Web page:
Controversy feared to hit organ donation programme of Kerala government

Number of life-saving donations from the deceased has registered a dip in the past few years | Only 37 in 2022
Image for representational purpose only. (Express Illustrations)
Image for representational purpose only. (Express Illustrations)

THIRUVANANTHAPURAM: Organ donation is in news again, but for the wrong reasons. It’s feared that the controversy raging over organ donation at Lakeshore Hospital in Kochi will further debilitate the deceased donor transplantation programme of the state government. The number of life-saving donations from the deceased has registered a dip in the past few years after a Malayalam film portrayed the operations of an organ trade mafia, triggering fear and suspicion among the public. 

In 2015, as many as 218 transplant surgeries were performed following cadaveric organ donations, but the number plummeted to just 37 in 2022. The number of annual transplantations over last two years comes in at 50. This at a time when more than 3,000 patients await liver and kidney transplants in the state.  According to advocates of organ donation, the latest controversy has created more sceptics, besides reinforcing the doubts regarding organ trade.

“People have concluded that the doctors have already been punished by the court. This controversy has caused immense damage to the deceased donor programme,” said Mathew Philip, chairman of the Liver Foundation of Kerala (LIFOK), a charitable organisation supporting liver transplant surgeries. He himself had received a donor liver eight years ago. 

“People have publicly announced that they will no longer donate organs. Ironically, this will aid the organ mafia involved in exploiting impoverished patients to sell their organs. When the deceased donor programme is affected, patients will turn to live donors,” Mathew added.

One of the key objectives of the cadaver organ donation project is to safeguard the vulnerable poor from organ trafficking. The state government initiated the ‘Mrithasanjeevani’ (KNOS) programme to coordinate cadaveric organ donation in 2012  — three years after the controversial transplantation happened in Lakeshore Hospital. Transparency has since improved and KNOS transformed into the Kerala State Organ and Tissue Transplantation Organisation (K-SOTTO).

“Clear-cut guidelines have been formulated to avoid confusion and improve transparency. While the Transplantation of Human Organs Act (THOA) 1994 laid the foundation, the amendment in 2014 gave more clarity on the procedures related to brain death declaration in various states. Despite these changes, the deceased donor programme has suffered due to the allegations,” said Dr Noble Gracious, executive director of K-SOTTO. He clarified that no hospital had tried to harvest organs from unidentified bodies.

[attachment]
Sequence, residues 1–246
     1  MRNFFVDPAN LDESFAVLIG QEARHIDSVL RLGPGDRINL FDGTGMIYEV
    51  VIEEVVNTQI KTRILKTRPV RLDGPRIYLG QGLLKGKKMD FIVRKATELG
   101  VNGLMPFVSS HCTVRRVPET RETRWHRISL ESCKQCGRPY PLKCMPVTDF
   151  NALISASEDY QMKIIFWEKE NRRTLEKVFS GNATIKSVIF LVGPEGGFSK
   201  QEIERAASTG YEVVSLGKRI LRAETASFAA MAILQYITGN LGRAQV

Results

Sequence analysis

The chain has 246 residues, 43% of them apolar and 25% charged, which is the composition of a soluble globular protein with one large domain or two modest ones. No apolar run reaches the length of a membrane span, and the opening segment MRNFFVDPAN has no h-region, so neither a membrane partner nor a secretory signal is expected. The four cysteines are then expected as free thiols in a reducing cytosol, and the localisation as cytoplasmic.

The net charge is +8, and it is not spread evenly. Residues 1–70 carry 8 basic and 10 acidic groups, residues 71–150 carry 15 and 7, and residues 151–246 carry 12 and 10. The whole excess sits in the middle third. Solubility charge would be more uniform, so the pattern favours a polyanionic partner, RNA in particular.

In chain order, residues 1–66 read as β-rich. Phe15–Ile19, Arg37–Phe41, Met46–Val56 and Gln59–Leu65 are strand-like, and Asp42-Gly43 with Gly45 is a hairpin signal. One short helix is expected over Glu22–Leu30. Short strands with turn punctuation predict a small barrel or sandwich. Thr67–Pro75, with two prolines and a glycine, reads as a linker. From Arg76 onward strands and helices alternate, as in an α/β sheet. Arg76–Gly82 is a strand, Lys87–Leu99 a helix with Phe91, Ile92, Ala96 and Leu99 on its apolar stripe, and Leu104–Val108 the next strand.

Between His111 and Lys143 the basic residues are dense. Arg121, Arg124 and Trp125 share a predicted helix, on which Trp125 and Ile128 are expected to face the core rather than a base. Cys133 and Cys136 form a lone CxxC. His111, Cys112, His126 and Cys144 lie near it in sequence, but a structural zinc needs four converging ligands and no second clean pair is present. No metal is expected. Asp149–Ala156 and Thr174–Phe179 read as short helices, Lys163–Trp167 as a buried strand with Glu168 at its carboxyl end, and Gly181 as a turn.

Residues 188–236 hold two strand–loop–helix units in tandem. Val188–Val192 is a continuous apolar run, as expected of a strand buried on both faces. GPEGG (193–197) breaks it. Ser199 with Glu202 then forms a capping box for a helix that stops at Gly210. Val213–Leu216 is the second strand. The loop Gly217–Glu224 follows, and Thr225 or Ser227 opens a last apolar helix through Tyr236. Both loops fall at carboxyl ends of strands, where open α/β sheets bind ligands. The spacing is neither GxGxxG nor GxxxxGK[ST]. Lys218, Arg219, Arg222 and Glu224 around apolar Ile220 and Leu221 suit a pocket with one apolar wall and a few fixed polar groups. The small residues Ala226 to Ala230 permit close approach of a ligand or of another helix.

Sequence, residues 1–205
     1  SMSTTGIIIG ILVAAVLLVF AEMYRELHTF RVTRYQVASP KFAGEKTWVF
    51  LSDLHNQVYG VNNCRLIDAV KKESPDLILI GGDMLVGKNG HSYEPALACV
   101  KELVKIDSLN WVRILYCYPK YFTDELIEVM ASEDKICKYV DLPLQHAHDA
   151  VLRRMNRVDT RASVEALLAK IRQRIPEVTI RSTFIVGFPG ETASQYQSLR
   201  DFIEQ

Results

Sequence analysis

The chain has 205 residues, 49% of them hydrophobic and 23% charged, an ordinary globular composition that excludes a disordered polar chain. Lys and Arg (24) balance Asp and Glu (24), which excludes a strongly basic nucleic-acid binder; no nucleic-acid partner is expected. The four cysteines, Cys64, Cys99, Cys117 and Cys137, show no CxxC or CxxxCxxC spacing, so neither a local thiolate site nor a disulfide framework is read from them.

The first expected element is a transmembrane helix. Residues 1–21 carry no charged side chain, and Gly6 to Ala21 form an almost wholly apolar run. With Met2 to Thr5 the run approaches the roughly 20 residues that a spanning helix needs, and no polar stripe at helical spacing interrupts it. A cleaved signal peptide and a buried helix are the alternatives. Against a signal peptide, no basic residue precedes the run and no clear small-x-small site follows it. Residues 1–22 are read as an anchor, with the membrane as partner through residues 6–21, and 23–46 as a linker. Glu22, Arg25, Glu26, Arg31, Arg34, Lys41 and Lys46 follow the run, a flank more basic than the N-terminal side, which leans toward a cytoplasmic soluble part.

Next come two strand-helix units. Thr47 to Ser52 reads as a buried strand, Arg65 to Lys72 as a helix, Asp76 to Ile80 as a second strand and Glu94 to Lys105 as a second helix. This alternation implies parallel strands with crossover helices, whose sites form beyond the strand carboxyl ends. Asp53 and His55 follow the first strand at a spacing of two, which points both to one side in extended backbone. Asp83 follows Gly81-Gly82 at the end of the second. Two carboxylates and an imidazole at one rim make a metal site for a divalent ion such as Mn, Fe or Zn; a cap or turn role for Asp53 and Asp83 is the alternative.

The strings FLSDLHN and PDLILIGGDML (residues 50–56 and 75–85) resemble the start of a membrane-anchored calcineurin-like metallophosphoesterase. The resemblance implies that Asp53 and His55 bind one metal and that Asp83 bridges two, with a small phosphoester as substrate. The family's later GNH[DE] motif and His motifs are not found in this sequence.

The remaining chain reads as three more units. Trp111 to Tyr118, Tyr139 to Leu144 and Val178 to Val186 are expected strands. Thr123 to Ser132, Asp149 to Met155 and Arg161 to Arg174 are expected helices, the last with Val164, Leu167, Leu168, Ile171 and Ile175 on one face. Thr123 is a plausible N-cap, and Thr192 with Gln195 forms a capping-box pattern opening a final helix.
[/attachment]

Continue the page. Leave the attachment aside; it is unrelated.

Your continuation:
Under the current protocol, hospitals are required to form a committee of four doctors to certify brain death. 

Tw of the doctors must be from the empanelled list of the Directorate of Medical Education. The doctors must provide certification twice, with a six-hour gap, confirming brain death. Normally, the doctors certifying brain stem death inform the patient’s relatives about the same.

The recent controversy revolves around the death of Abin VJ, a 21-year-old who suffered a severe head injury in a bike accident in November 2009. He was declared brain dead, and his liver was donated to a Malaysian recipient with the consent of the donor’s mother. On May 29, a court in Ernakulam issued summons to the hospital’s doctors based on a private complaint alleging procedural lapses in treatment, death declaration, and organ donation. 

The hospital issued a statement clarifying that the court order aimed to verify the truth of the complaint and emphasised that all medical procedures, organ donation laws, and human rights laws were strictly followed during the incident. 

Procedures to declare brain death
The hospital forms a four-member committee
Committee comprises medical superintendent and treating doctor, and two doctors empanelled by DME
Four doctors to examine the patient twice with a six-hour gap
Inform patient’s relatives about brain death
Get consent of relatives for organ donation in presence of two witnesses 
Family can ask for stopping of treatment or sign the consent
If there is a consent for organ donation, hospital informs K-SOTTO
K-SOTTO solely responsible for the allocation of organs to hospitals
If there is no consent, the body is handed over to relatives, or for postmortem for medico-legal cases
Who can donate
Near relatives 
Any person other than near relatives can donate for the reason of affection

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